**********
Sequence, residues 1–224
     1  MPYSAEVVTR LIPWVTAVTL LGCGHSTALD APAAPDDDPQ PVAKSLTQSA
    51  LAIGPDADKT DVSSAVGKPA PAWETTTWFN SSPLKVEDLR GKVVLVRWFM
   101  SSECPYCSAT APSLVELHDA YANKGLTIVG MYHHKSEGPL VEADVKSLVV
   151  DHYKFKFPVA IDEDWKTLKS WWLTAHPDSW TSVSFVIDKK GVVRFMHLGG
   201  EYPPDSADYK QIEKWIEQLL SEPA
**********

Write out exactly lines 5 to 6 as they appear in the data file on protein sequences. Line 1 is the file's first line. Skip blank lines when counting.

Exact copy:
   151  DHYKFKFPVA IDEDWKTLKS WWLTAHPDSW TSVSFVIDKK GVVRFMHLGG
   201  EYPPDSADYK QIEKWIEQLL SEPA